Svelte and Svelte-kit — reasons to move to Svelte
Frameworks like React and VueJS work on the browser. The code, however optimised is loaded on the browser and the overhead is on the browser. But in Svelte, the compiled code is loaded on to the browser and the overhead on the browser is much lesser.
React conducts a diff on thew DOM to see which component or element needs update and updates that element/component. Svelte, on the other hand, surgically injects the update into the DOM. Hence, the UI experience feels much faster and smoother when compared to React. The WebApp built is lightweight and the performance is higher.
Learning and getting started:
Integrating with current projects:
There are multiple adapters to integrate the code to other, already present code of frameworks and libraries like NodeJS, NextJS etc. These adapters allow you to build the code according to the code already present and used in the current projects. The compiled code is optimised according to the needs of the framework or library used in the project, along with the environment the final code runs in. The node-adapter package, for example, gives you a middleware function to use the Svelte app with already-present Node server. Hence, integrating Svelte with already present projects is not at all troublesome!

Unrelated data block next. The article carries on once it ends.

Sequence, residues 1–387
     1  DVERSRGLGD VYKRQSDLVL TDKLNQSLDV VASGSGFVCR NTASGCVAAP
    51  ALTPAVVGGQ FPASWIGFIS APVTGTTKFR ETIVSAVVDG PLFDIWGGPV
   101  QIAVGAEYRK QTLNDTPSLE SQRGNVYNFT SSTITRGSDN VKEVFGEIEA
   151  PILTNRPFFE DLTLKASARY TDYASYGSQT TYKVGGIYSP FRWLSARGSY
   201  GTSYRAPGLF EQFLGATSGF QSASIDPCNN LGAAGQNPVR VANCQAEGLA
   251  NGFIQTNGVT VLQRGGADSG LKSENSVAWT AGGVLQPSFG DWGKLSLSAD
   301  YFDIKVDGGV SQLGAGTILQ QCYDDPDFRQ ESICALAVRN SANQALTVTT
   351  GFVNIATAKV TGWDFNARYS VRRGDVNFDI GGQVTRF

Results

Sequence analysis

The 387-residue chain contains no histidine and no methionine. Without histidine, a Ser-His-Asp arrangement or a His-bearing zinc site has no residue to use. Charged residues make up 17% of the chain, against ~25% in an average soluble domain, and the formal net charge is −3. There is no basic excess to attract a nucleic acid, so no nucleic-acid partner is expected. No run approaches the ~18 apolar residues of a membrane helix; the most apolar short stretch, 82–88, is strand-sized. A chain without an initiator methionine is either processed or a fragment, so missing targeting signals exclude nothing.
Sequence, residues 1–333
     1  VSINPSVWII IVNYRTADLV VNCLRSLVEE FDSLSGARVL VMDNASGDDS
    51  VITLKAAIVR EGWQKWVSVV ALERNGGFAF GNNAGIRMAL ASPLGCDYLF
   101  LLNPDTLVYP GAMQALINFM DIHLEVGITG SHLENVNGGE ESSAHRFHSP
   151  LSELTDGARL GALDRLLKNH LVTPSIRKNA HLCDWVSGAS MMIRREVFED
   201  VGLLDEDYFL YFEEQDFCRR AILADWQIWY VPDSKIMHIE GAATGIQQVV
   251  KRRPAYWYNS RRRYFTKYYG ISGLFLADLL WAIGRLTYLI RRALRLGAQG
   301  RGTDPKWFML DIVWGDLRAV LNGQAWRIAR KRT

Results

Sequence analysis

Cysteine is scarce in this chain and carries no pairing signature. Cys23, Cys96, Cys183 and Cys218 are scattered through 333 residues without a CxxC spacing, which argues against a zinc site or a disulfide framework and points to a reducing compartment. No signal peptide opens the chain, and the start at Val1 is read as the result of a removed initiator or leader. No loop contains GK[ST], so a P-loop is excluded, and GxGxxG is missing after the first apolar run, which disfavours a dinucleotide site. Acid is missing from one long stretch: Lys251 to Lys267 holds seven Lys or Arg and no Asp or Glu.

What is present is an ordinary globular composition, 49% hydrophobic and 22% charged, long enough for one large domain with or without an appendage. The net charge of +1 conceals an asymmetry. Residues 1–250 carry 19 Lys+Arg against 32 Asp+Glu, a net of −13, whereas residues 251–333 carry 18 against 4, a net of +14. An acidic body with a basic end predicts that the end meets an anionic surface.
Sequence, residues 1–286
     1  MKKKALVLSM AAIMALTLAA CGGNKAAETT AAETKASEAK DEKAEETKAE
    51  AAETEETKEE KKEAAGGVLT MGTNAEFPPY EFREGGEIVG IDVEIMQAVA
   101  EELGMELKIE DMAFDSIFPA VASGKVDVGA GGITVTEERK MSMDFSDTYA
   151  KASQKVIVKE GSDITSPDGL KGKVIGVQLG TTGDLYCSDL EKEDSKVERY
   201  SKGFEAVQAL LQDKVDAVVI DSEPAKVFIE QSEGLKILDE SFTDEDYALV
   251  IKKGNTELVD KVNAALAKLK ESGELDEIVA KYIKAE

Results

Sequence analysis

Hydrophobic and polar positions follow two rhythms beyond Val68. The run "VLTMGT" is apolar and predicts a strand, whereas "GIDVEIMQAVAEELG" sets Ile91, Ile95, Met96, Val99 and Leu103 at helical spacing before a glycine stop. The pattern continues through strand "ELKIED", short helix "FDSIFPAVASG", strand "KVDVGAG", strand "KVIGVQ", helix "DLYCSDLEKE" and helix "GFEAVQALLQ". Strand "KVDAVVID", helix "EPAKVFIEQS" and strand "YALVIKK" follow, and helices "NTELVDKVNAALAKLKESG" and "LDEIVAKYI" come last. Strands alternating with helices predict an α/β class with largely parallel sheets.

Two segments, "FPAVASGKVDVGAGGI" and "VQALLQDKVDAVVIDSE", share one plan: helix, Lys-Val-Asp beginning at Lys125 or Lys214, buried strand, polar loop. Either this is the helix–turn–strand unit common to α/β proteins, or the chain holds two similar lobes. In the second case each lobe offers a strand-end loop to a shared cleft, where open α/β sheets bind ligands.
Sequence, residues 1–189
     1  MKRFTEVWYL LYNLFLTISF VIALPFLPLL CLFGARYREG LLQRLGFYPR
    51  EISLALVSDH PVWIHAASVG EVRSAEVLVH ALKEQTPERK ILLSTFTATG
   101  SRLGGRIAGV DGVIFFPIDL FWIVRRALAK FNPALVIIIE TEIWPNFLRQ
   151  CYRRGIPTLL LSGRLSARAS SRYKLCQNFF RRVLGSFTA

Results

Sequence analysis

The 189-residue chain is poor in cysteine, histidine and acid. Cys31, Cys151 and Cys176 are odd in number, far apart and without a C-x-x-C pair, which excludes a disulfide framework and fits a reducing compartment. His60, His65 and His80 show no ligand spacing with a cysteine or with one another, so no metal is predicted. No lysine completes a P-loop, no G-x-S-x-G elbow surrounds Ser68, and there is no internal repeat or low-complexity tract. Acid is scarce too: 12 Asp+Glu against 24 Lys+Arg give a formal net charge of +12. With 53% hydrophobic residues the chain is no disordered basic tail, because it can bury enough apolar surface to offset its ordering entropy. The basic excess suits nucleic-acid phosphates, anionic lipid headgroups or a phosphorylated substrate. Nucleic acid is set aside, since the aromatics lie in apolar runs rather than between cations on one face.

The number of lines of code, when using Svelte is significantly lesser when compared with the React code for the same project. This automatically means lesser lines of code that are prone to be buggy. Also, the code written is very readable.
All in all, I would totally recommend Svelte, if you are looking for a new project to begin. Also, in the next post, I would love to write about the various renderings in Svelte and how to get started with it!